Gulf carriers dominate air show with $192 billion splurge
There's exceeding expectations, and then there's exceeding expectations. On the opening day of the Dubai Air Show, a record $192 billion worth of orders were placed, with the Gulf carriers dominating, and Boeing beaming at its new launch.
American aircraft manufacturer Boeing kicked off the show on Sunday by announcing 259 orders for its new 777X, totaling over $95 billion at list prices.
The three major Gulf carriers - Etihad Airways, Emirates, Qatar Airways - and German airline Lufthansa all placed orders for Boeing's new 777X aircraft, representing the largest product launch in commercial jetliner history by dollar value. Lufthansa ordered 34; Etihad chose 25; Qatar ordered 50, while Emirates placed a bid for 150 777X aircraft.
(Read more: Airbus highlights challenge with Dreamliner rival)
Speaking as the order was announced, Boeing Commercial Airplanes President and CEO Ray Conner, referred to the 777X as "the largest and most-efficient twin-engine jetliner in the world."
"Its ground-breaking engine technologies and all-new composite wing will deliver unsurpassed value and growth potential to our customers," he added.
Michel Merluzeau, managing partner at G2 Solutions, told CNBC via email that Boeing had a "perfect launch day" for the 777X, "one that comes once every decade or so."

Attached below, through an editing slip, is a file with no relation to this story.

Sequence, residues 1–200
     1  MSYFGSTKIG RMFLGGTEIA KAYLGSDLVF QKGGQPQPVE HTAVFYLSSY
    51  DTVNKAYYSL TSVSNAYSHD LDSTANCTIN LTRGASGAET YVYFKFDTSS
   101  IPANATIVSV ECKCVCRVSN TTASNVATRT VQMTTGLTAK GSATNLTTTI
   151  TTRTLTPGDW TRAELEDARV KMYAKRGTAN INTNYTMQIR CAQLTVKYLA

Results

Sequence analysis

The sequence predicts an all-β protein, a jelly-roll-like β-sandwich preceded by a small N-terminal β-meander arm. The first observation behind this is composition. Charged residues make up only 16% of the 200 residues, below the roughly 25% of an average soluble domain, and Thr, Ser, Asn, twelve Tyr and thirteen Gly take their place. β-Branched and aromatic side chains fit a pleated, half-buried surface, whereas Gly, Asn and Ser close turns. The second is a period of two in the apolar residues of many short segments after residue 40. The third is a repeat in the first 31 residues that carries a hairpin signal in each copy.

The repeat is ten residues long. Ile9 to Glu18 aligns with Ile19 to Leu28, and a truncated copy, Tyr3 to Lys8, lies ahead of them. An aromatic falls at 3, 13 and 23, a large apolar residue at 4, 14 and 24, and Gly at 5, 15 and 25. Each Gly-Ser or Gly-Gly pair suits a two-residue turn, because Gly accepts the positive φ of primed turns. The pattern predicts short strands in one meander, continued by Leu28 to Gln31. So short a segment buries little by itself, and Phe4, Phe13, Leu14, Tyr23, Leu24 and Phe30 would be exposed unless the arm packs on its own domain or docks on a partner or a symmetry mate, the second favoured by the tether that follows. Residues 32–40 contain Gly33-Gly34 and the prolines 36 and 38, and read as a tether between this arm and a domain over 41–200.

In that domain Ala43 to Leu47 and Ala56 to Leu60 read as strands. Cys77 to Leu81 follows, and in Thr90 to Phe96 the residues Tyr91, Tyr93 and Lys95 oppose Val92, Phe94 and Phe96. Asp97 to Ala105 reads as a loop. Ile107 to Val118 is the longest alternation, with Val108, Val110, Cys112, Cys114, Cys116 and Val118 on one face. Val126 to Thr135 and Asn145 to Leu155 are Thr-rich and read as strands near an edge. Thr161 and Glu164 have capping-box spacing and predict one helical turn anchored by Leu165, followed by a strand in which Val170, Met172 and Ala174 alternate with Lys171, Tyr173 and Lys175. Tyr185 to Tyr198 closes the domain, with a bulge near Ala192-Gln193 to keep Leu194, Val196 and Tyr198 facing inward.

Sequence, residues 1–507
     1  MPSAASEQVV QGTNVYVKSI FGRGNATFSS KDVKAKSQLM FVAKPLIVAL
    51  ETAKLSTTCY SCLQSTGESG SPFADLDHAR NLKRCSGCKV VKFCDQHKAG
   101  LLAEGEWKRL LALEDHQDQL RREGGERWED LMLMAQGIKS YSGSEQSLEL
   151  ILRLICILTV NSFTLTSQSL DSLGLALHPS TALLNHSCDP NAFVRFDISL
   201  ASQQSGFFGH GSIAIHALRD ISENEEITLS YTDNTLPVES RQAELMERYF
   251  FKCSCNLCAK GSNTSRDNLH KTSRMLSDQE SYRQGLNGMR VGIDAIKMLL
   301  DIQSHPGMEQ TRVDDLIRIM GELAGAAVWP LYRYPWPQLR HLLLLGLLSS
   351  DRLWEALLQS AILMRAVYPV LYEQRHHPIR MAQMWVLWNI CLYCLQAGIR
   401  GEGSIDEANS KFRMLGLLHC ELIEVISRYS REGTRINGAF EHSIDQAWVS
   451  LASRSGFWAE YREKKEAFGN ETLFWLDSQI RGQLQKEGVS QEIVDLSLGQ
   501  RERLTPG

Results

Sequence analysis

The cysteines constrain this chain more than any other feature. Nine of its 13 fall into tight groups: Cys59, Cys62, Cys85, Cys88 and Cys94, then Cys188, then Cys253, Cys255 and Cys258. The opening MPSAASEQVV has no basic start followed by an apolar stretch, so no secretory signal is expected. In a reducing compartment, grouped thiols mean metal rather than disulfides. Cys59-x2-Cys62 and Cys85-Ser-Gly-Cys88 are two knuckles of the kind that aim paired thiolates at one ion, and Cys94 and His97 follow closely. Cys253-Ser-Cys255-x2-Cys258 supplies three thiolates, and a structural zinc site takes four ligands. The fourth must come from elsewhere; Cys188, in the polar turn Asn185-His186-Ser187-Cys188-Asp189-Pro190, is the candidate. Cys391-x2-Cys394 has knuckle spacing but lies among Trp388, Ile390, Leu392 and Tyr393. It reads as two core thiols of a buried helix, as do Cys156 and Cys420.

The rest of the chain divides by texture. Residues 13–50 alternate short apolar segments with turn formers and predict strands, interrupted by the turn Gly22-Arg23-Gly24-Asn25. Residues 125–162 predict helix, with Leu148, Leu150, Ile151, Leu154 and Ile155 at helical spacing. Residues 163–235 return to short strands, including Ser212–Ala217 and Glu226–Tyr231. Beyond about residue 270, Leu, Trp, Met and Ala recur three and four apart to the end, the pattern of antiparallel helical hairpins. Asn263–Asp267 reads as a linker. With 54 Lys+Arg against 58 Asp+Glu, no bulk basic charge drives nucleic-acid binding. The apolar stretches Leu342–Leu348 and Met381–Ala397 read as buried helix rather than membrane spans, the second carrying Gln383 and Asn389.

He continued: "The 777X is building on the 787 experience and the maturation of that aircraft's technology and industrial processes."
However, while Boeing will be pleased with the 259 orders for its new aircraft, it still has to deal with the issue of where it will build the 777X, which is slated for first delivery in 2020.
(Read more: Despite fire, airlines flying Boeing's Dreamliner)
A Washington state union rejected a labor contract last week between Boeing and leaders of the International Association of Machinists (IAM) that would have kept the production of Boeing's wide-body aircraft in the Seattle area in return for lower benefits for workers.
Boeing has said that it is keeping "all options open" regarding where it will build the 777X and that a decision would be made "within the next several months."
The huge order for Boeing constituted a relief for many in the aircraft sector given that orders had struggled at the last two air shows. The 2011 Dubai Air Show witnessed sales of $63 billion. Sunday's order, for Boeing 777Xs alone, surpassed that figure.
(Read more: Boeing's Dreamliner: PR fail or tech mess?)
The previous record for orders was also set in Dubai, in 2007 when $155 billion worth of orders were made.
The 777X builds on the market-leading 777, which commands 71 percent of the current fleet within its category. The 777-9X seats over 400 passengers with a range of 8,200 nautical miles, and Boeing said it will have the lowest operating cost per seat of any commercial airplane. The 777-8X will seat 350 passengers but will be able to travel 9,300 nautical miles.
Boeing's early orders saw it garner the most headlines on Sunday morning.